Time and Effort Well Spent?
There’s usually one player in every foursome with a line on their golf ball that needs to be aimed perfectly before they can hit a putt. Maybe it’s you. The question we set out to explore is, “Does that line make a difference?”
Myth #1 – Alignment aids on the ball improve golfers’ aim
Myth #2 – Alignment aids on the ball lead to more made putts
How We Tested
For this test, we gathered five golfers with handicaps ranging from zero to fifteen. Each player chose a putter that fit their stroke and was connected to SAM PuttLab. They hit seven eight-foot putts in each of three conditions: no line on the ball, a single black line on the ball, and using Callaway’s Triple Track marking on the ball. In the latter two conditions, the players were able to spend as much time as they wanted lining up the ball before striking the putt.
All testing was done at, and with the help of, Club Champion.
Thanks to SAM Puttlab, we were able to measure each golfer’s aim to one tenth of a degree. We found that three of our five testers aimed the best with either a line or Triple Track – two were best with a line, one with Triple Track.
It is worth noting that the differences were extremely small. Player 1, for instance, aimed 0.3 degrees closed with no alignment aid, 0.1 degrees closed with Triple Track. That same player aimed the worst with a line, 0.9 degrees closed.
Because 40% of our testers aimed better without a line, and because the differences were extremely small, we’re rating this myth as “Plausible” rather than “Confirmed.”
In our test, the most putts were made without any alignment aids on the golf ball. 35 putts were struck under each condition. With no alignment aid, our testers made 28, with a line they made 25, and with Triple Track they made 26.
While we did label this myth “Busted” – alignment aids led to fewer putts being made, not more – there is some context to consider. Of our five testers, three made the same amount of putts under each testing condition. One tester made fewer putts with both a line and Triple Track, and the final tester made one putt less with a line but was equal with no aid and Triple Track.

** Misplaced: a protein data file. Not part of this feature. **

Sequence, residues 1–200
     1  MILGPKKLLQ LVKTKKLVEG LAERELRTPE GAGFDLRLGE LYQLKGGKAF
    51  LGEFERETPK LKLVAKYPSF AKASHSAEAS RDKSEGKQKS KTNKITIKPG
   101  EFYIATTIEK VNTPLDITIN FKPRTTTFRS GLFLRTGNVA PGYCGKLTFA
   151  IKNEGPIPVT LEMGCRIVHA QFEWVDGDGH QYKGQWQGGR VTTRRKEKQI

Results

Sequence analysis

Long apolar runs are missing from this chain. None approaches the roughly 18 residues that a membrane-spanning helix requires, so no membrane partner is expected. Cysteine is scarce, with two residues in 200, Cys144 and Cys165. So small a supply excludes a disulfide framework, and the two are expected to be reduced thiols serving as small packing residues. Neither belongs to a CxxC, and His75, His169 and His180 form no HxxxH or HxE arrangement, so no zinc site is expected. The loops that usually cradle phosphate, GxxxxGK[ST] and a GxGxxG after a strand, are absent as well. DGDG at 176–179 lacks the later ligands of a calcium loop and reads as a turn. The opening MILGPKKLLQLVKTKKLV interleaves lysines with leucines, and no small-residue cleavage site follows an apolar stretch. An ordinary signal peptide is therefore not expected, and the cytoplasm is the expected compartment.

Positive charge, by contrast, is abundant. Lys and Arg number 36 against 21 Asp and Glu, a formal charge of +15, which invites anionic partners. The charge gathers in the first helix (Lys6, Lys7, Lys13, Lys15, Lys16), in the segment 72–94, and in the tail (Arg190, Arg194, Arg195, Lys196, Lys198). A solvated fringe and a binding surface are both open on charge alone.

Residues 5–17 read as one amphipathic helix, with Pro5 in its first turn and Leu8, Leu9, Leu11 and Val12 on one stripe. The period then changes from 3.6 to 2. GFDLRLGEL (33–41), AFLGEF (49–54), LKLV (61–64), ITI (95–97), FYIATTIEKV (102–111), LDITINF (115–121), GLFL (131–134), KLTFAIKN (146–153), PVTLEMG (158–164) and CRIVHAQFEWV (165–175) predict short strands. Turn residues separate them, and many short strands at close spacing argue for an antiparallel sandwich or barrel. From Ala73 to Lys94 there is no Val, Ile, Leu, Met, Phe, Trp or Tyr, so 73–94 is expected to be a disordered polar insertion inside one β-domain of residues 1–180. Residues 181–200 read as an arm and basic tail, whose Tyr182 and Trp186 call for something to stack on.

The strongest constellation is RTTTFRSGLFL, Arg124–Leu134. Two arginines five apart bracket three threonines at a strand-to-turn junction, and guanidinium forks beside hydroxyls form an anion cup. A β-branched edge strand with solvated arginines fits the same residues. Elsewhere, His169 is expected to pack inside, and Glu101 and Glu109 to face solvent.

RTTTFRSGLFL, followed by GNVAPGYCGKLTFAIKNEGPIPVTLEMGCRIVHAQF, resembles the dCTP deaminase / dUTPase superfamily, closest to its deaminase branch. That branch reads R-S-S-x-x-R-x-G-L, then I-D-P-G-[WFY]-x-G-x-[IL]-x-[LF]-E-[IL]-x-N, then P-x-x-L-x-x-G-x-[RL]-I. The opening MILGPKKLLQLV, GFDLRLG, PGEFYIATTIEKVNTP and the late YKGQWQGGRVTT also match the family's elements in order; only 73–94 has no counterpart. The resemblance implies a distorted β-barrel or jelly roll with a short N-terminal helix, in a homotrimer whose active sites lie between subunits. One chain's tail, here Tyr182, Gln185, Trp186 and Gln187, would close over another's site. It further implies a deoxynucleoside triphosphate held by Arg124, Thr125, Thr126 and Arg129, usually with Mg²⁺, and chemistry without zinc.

Our test group was a mix of players who do and do not use a line on their ball during regular play. Most of our testers stated that, on the eight foot putt, they were comfortable with or without the line. One tester had a strong preference for no line, and that same tester was the one who performed worse with alignment aids.
Opportunities for Future Testing
We have just scratched the surface of how alignment marks on golf balls can affect putting. Most obviously, we would like to test this again with longer putts. Beyond that, we would like to test this with breaking putts. I’m most curious to see if, on a putt with substantial break, golfers feel reassured by the line or if they find that they can’t trust it.
Another avenue which we will certainly explore is how marks on the ball correlate with the alignment aids on a putter. Does Triple Track ball alignment work better with a Triple Track putter? Are players who like a sight line more apt to want a line on their ball?
If you have questions in this vein, please share them in the comments section and we’ll put the best ones to the test.
Our primary takeaway from this test is that, at least on straight, short range putts, alignment aids don’t make a huge difference. Additionally, we would advise golfers to trust their own instincts. If you feel that you can’t trust a line, don’t use one. If lining up Triple Track gives you a boost of confidence, use it.